The year was 1947. World War II was over and the Marshall Plan was going to help rebuild Europe. Jackie Robinson became the first African American to play in the American League and led the Brooklyn Dodgers to a win the World Series. Anne Frank's Diary was published and, on television, it was Howdy Doody time. On the big screen, Clark Gable, Betty Grable and Humphy Bogart were stars and Gentlemen's Agreement won Oscars for Best Picture and Best Director (Elia Kazan).
It was a good year for theatre. On Broadway, where ticket prices were as low as $1.20, audiences were seeing the premiers of A Streetcar Named Desire , The Heiress, An Inspector Calls , Brigadoon and Finian's Rainbow. It would also be the first year for the Tony Awards.
Meanwhile, in Rockville Maryland, six friends got together and decided to form their own theater. Rev. Black, Madeliene Davis, Margaret Eddy, Pamela Bairsto, Murray Hamilton and Betty Sherman took their mutual love of theatre and joined to form Rockville Little Theatre (RLT). In 1948, the group had its first production, Noel Coward's Hay Fever, which was presented in the Christ Episcopal Parish Hall.
After that first show, RLT membership grew to 26, a constitution was drawn up, officers were elected and the organization committed itself to welcoming anyone in the community interested in dramatics.
RLT continued to hold performances at the church until 1958, when they then moved to Broome Junior High School. Conditions at Broome were not ideal for a theatre group. An article by George Waleski of The Sentinel, described the experience this way:
High school architects must loathe actors. Certainly the man who designed the stage at Broome Jr. High had no other need in mind than to elevate and extend the basketball floor four feet up and thirty feet back and to light it with the most bizarre set of border lights that it has been the misfortune of any drama group to work with. There are no footlights at Broome, no rheostats, no place to nail to in raising and bracing a set.
Fortunately, in September of 1960, the new Rockville Civic Center Auditorium (now the F. Scott Fitzgerald Theater) became RLT's home, and performances have been held there ever since. RLT members were active in the design and technical discussions for the space.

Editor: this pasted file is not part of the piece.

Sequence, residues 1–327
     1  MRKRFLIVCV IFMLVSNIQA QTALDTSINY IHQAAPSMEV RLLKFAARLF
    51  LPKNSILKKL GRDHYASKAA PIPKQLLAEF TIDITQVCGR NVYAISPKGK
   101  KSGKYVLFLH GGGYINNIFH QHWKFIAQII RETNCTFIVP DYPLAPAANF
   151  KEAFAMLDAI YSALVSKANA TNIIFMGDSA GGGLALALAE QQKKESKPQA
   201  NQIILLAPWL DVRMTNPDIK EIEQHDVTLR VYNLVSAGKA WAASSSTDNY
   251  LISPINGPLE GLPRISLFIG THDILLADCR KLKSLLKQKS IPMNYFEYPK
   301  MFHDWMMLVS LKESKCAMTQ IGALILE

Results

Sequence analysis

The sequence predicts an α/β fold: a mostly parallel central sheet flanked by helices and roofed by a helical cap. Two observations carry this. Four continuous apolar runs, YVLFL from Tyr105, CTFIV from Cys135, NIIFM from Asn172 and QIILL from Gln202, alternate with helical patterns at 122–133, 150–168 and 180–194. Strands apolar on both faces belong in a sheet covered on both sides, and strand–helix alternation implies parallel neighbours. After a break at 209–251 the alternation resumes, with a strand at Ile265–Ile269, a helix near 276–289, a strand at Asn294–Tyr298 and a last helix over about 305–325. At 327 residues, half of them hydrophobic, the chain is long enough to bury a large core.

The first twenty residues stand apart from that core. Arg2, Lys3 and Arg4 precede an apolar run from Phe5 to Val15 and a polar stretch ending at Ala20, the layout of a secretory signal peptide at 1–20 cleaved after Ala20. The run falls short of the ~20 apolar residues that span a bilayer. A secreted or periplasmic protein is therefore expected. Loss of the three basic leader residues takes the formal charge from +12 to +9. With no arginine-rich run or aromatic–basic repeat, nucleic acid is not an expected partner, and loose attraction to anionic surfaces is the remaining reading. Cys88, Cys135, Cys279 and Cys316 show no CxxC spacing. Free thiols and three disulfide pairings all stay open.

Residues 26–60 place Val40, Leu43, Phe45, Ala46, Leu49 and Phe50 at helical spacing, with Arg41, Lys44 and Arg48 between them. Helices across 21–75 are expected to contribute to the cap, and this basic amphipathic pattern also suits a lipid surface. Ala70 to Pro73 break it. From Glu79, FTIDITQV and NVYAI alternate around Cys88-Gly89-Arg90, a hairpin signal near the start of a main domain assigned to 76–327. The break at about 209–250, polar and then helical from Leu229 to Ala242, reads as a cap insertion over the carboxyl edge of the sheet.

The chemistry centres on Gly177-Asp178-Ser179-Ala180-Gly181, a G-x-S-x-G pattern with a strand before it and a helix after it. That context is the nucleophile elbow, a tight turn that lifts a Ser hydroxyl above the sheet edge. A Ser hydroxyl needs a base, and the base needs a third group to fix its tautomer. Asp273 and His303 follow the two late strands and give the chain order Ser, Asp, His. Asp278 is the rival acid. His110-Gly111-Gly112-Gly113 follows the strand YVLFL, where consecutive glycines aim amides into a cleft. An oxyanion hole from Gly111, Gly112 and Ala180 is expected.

Over the years, RLT has been an ever-changing and growing group. That first membership roster of 6 now stands near 60. No records exist to show how many people saw that first show in 1948, but in 1962, 400 season tickets were sold. In 1996, we celebrated our 50th year by selling over 1700 season tickets.
Many traditions have come into being over the years. In 1961, director Frank Barnhart created the Gold Hat to recognize the biggest goof in a production. Originally, the award was an actual hat, painted gold, which was passed on to each successive winner. Unfortunately, the hat was absconded with at one point and hasn't been seen since. But the tradition lives on and the award has become the highlight of many cast and crew parties.
In 1972, RLT's Quarters on the grounds behind the Civic Center Mansion were completed. For the first time, flats, equipment, costumes, props and supplies could all be stored in one central location. Many a Saturday has been spent down at Quarters painting and sawing to create the wonderful sets for our productions. Just being at Quarters is a wonderful opportunity to see the history of RLT. Looking at the layers upon layers of paint on the flats is like an archeological dig into the past shows from RLT. In 2000, we moved into larger Quarters in the same area.
In 1986, RLT joined with Rockville Musical Theatre (RMT) to form a consortium to sell season tickets. Now, subscribers can enjoy five different shows for not much more than the prce of movie tickets. With our production of Murder by the Book in 1993, we took a great step forward by adding a matinee performance to our schedule. Although only about 70 people showed up on that first Sunday, the matinee has now become one of our most popular performances each show. Many of our audience members expressed their appreciation for being able to attend our shows during daylight hours.
In the 90s we entered the Information Age and purchased our first computer. This enabled us to keep more permanent records and to give our programs and other documents a more professional look. In 1997, we upgraded our computer system and established our own website.
In 2007, RLT celebrated its 60th anniversary with a reprise of its original production, Hay Fever. Cal Miller, who had appeared in the original production, also had a role in the reprise. The Gazette Newspapers ran a delightful article (external link) featuring this anniversary.
Now, we continue to present a mix of old and new plays - drama, comedy, mystery - that we hope our audience will find exciting and entertaining.